Accord trained this group of Darfuri womenin conflict resolution and negotiation.(Images: Accord) MEDIA CONTACTS • Bonisiwe Themba Progressive Women’s Movement +27 11 833 0200 RELATED ARTICLES • Remarkable SA women hailed • SA joins UN Security Council • Peace Prize focus on women’s rights • More women engineers for SA • Malian women fight poverty with textilesMediaClubSouthAfrica.com reporterMiddelberg in Mpumalanga and Ficksburg in the Free State are the first two venues to host the Training in Mediation course on behalf of the Progressive Women’s Movement of South Africa (PWMSA).The training is supported by Brand South Africa’s Play Your Part social initiative and is presented by the African Centre for the Constructive Resolution of Disputes (Accord).The aim of the three-day course is to impart mediation skills to women from the PWMSA, and provide course participants with both a practical and theoretical framework within which to analyse and mediate conflict.Group exercises to integrate the skills learned will also be conducted, to empower the women to play mediation roles in their respective communities.In partnership with Accord, Brand South Africa aims to improve social cohesion and active citizenship with the sessions.Brand South Africa CEO Miller Matola said: “This training is important because we need to equip and empower our people so that they are better able to take care of themselves and to play their part in their various communities.”Who better to make a difference than the women of South Africa, he asked. Creative African solutions to conflictBased in Mount Edgecombe, north of Durban, Accord works to bring creative African solutions to the challenges posed by conflict on the continent.Operating across the Southern African region, through the Great Lakes, to West Africa and the Horn of Africa, Accord has trained over 20 000 people, from government to community level, in conflict management and resolution, since its establishment in 1992.The organisation signed a memorandum of understanding with PWMSA in September 2011, with the aim of contributing to peace and sustainable development in South Africa and across the continent. This it plans to achieve through the development of skilled female mediators, who are active in their communities.Through these training sessions, it is hoped that the participants will reach a better understanding and appreciation of their roles as mediator in their communities.Armed with an understanding of conflict analyses, and basic knowledge of the principles and concepts underpinning mediation, the women will go forth with the confidence to be able to effectively solve conflict situations.They will also receive certificates, asserting their new status as conflict mediators.Giving women a voiceThe Progressive Women’s Movement of South Africa is a non-profit organisation that enables women to speak with one voice to address their concerns using a single platform of action irrespective of race, class, religion, political and social standing.It works to counter the traditional system of patriarchy, which in the past has undermined the role of women in society and prevented them from playing a substantial role in nation building.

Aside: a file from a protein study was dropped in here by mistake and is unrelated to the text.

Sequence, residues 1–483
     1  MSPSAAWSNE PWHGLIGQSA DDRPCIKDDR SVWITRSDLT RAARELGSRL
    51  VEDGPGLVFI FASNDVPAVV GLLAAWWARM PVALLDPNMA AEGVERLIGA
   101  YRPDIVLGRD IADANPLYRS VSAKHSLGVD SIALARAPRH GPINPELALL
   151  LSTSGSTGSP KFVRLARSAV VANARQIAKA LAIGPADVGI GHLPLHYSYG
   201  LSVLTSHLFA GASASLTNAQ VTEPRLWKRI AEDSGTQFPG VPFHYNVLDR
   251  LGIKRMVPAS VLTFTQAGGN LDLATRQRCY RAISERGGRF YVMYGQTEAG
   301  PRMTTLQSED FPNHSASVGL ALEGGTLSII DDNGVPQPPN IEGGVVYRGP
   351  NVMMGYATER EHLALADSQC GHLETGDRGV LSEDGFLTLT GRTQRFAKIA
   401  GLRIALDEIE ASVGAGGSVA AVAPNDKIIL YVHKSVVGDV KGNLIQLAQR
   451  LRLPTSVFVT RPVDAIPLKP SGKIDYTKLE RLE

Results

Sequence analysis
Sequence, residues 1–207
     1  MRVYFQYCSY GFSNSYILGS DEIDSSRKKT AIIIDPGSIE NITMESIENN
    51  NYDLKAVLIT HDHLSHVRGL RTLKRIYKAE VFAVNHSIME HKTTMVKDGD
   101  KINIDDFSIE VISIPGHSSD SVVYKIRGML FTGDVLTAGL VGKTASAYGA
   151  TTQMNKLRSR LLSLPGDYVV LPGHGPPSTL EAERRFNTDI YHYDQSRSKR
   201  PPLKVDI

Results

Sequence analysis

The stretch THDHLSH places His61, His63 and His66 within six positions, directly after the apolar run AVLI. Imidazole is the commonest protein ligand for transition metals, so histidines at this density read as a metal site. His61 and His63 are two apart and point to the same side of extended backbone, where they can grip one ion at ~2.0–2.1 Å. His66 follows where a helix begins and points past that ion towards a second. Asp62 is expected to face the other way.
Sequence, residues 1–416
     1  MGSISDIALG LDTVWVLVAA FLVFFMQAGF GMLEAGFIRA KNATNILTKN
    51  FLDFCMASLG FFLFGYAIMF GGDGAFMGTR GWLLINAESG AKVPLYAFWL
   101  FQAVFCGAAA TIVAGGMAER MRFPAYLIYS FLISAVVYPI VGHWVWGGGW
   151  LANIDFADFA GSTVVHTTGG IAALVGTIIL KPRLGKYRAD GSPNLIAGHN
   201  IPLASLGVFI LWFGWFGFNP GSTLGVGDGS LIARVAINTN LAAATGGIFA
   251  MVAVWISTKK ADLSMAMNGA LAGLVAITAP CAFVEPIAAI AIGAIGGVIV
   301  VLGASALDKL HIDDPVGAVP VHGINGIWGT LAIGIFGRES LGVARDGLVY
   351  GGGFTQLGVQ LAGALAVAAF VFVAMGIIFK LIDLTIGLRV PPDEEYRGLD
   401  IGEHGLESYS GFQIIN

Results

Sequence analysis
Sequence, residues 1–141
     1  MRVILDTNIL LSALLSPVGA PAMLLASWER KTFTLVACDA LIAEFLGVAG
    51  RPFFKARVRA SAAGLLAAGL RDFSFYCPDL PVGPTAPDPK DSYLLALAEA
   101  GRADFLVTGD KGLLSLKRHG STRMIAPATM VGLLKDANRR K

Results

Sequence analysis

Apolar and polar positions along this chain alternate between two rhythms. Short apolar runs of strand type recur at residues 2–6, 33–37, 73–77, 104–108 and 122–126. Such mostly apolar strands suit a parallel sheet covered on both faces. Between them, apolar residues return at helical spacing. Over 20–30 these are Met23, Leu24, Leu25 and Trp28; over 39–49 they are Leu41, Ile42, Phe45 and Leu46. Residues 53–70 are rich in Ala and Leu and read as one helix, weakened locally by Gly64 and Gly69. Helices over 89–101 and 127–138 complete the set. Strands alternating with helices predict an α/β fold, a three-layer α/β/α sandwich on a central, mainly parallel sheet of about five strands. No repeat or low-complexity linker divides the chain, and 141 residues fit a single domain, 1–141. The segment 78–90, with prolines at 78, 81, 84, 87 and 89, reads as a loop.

Chennai, Nov 16 (PTI) With the Supreme Court rejecting Tamil Nadu governments plea to review its 2014 ban against jallikattu, CPI and PMK today urged the Centre to bring in legal amendments to ensure that the bull-taming sport is conducted in January, 2017 in the state.CPI state secretary R Mutharasan said that in the history of Tamils, bulls were treated as a part of the family besides being worshipped and that “they are an integral part of the Tamil culture”.”Instead of banning it citing cruelty, Centre should bring in due legal arrangements to ensure the bulls are not ill-treated in any manner,” he said in a statement.The Tamil sentiments must be respected and it should be ensured that jallikattu was held during the Tamil month of Thai which coincides with January.PMK founder S Ramadoss claimed that bulls were not forced to undergo any cruelty during the sport and that jallikattu was integral to Tamil culture for long.”Only humans have suffered injuries but not bulls and there is no ground to the arguments by NGOs that the animals are fed with liquor or that chilly powder is strewn on their eyes. Further, jallikattu was being held since 2008 under Supreme Court supervision and therefore there is no chance of any cruelty to the bulls,” he said.The animals were reared like children, he said and urged the Centre to bring in necessary legal amendments in the ongoing Parliamentary session to hold the sport in January. PTI SA BN SAI